Belle (UK, 2013)

Black belle

Although the inspiration for the film isn’t simply the above painting, where the bi-racial Belle is depicted with her cousin Lady Elizabeth Murray, the presence of a woman of colour in an aristocratic household in late 18th England is the core enigma of the film. The household is headed by Lord Mansfield (Tom Wilkinson) who, as Lord Chief Justice, made some judgements that helped in the abolition of slavery. Scriptwriter Misan Sagay melodramatically places one of the key decisions with Belle’s ‘coming out in society’ although, in fact, she was actually a young child at this time. This melodramatic narrative serves to highlight the racial discourse that is central to the film.

Director Amma Asante, whose A United Kingdom (Czech Republic-UK-US, 2016) also unearthed, superbly, hidden history about race, stated:

“You see a biracial girl, a woman of colour, who’s depicted slightly higher than her white counterpart. She’s staring directly out, with a very confident eye. This painting flipped tradition and everything the 18th century told us about portraiture. What I saw was an opportunity to tell a story that would combine art history and politics.” (link)

That’s not how I see it. To me they look level in the frame, though Belle’s turban is marginally higher; this equality in itself would have been a radical statement at the time. Belle also looks as if she is being pushed away and Elizabeth dominates two thirds of the frame. However if it is a push it’s certainly not aggressive given the smiling faces of both. Even though Belle is only filling a third of the frame she is the dynamic actor, moving on and in the direction of the city; St Paul’s can be seen in the background. Elizabeth is inhabiting a more domestic space that, even though she is outside, is enclosed and darker.

Belle’s finger pointing to her face is puzzling (there are theories in the article quoted above). The most obvious interpretation is she’s drawing attention to her colour; if this is the case it is doing it in an extraordinarily modern way as it is a hyperbolic gesture that serves only to emphasise the obvious. It’s almost ‘cheesy’.

Both women engage the viewer’s gaze with confidence; they are not there for the male gaze they are for themselves. It is an extraordinary painting; as far as I can tell, it’s not known who created the image.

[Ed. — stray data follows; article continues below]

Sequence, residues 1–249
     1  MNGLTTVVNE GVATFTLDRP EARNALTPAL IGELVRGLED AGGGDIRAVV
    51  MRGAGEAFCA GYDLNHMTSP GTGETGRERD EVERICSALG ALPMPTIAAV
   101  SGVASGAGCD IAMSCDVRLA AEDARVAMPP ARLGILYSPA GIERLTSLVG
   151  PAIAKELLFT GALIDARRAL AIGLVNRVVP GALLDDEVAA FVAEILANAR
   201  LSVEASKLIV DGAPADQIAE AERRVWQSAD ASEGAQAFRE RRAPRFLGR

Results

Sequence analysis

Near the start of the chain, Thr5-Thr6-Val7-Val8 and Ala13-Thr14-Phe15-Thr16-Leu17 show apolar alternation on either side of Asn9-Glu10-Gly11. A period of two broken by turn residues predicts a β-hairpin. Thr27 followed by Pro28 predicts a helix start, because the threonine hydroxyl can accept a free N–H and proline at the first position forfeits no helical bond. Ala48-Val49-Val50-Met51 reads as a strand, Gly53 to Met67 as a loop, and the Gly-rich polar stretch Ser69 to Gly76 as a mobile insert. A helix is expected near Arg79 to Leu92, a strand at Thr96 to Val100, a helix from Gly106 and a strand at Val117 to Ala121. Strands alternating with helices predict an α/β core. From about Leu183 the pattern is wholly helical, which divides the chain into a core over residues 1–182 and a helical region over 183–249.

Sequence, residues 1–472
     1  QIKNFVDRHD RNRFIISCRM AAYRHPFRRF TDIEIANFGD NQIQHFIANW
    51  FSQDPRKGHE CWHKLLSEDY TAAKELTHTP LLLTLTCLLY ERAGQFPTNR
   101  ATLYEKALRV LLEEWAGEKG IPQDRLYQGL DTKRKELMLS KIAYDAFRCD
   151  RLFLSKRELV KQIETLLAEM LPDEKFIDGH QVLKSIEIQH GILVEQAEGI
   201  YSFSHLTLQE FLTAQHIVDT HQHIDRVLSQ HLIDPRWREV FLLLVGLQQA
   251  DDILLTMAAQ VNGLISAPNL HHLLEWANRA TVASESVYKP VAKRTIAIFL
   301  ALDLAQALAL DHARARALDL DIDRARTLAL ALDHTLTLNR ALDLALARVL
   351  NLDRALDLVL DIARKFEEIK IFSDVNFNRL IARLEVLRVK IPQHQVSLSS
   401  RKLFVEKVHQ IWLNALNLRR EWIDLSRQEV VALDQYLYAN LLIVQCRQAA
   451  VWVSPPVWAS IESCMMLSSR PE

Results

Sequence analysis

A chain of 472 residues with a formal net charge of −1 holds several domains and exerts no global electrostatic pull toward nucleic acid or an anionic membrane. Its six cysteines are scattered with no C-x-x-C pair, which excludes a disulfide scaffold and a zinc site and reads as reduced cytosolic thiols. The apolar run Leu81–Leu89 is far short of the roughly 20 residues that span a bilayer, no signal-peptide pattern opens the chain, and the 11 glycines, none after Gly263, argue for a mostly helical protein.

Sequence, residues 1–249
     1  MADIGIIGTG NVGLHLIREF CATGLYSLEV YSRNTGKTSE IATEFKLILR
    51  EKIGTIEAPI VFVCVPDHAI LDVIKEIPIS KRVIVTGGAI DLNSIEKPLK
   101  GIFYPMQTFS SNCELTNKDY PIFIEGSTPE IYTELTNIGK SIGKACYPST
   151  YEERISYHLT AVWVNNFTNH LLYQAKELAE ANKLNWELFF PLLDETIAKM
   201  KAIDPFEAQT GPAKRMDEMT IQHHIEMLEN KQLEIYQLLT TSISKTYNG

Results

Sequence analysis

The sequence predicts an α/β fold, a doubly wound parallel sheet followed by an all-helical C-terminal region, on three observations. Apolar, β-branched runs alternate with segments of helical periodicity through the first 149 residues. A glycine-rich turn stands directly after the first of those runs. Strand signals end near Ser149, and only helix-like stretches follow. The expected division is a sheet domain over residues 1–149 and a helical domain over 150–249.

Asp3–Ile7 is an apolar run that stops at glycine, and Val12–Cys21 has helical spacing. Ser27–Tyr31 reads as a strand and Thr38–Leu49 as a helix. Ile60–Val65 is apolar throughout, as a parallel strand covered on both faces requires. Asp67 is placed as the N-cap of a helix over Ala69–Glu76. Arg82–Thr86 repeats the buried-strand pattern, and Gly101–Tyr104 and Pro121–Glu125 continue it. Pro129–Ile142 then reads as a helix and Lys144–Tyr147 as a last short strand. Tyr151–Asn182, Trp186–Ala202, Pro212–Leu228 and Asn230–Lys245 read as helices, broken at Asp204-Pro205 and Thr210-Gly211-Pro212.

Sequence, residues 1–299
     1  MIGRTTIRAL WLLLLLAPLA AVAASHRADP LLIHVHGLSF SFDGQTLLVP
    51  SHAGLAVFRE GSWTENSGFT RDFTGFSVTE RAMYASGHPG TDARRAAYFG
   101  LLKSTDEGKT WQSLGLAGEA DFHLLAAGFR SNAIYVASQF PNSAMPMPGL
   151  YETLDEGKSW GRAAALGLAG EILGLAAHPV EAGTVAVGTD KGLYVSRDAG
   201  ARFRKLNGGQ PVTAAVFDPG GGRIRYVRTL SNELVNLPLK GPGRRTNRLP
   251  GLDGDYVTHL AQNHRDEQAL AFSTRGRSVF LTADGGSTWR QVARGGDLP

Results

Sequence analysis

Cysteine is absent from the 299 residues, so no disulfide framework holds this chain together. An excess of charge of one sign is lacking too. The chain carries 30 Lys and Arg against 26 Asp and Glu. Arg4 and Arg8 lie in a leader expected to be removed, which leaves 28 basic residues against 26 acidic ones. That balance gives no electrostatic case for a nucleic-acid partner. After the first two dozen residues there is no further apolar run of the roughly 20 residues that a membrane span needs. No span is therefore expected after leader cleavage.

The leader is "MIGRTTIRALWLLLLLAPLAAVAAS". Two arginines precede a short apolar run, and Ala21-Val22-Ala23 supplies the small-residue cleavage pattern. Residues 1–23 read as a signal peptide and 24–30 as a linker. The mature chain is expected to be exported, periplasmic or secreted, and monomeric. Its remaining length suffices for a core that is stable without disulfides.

The film is fascinating too and although it may lean a little too far toward crowd pleasing narrative resolutions that can be forgiven as it’s telling a fabulous tale. It’s a stellar cast, including Emily Watson, Penelope Wilton, James Norton, which is headed by Gugu Mbatha-Raw who is superb as Belle.

I am looking forward to Asante’s next film.


Anna Karenina (UK, 2012)

Fabulous sets

Period drama is not one of my favourite genres; it’s often shot staidly and we are merely invited to look at the ‘wonderful’ period detail and ‘classical’ British acting. Joe Wright does things differently. I enjoyed his Pride and Prejudice (France-UK-USA, 2005), where the steadicam roamed through Austen’s tasteful plotting and dialogue. He’s even more ambitious in Anna Karenina by deciding, after failing to find suitable locations (or budget), to shoot much of the film in a theatre.

It isn’t presented as a real theatre, and there’s no attempt to root the narrative in theatrical terms (as if it were all a performance), instead he uses the artifice of theatre to offer tour de force set design and transitions between scenes. In doing so he heightens the melodrama so, for example, the horse race that takes place on stage seems to threaten the onlookers even more as such races don’t occur indoors. The waltz, when Karenina (a suitably haughty Keira Knightley) falls for Vronsky (an insipid Aaron Taylor-Johnson), is dazzling in its virtuosity (I have no idea whether those hand movements are authentic but they looked great).

Jude Law, against type as the cuckold, is excellent and the other standout for me was Domhnall Gleeson, who represented true love amongst the hypocrisy of the aristocracy.

I hope the film does the ‘biz’ at the box office (£5m in the UK isn’t great) because it’s a superb attempt at an ambitious British film with a wide appeal. That need encouraging.

Wuthering Heights (UK, 2011)

The new black

If there was danger of another version of Wuthering Heights becoming hackneyed then the casting of black actors as young and older Heathcliffe immediately averted the possibility. Bronte describes Heathcliffe (as I remember) as ‘swarthy’ and so it’s entirely fitting, as are the racist expletives which Bronte couldn’t have used in her novel. Race is added to the class issues of the novel and Heathcliffe’s ‘outsider’ status is heightened.

Unlike mainstream versions of the novel, Andrea Arnold directs this as resolutely arthouse with little emphasis on narrative development. Instead nature, animals and the landscape, is given time to take its proper role in the story and, in doing, stalls the narrative slightly. The Academy ratio (4:3), I think, is used to constrict the mise en scene so we’re not allowed to bathe in the beauty of the landscape and it emphasises that the characters are trapped.

The performances are good, though I found Kaya Scodelario too insipid as the older Catherine; newcomer Shannon Beer excels as the younger. Arnold shows Cathy and Heathcliffe’s attraction to each other to be elemental, based on a necessity, and not romantic. I shall have to find to time to reread the novel as this version is a revelation.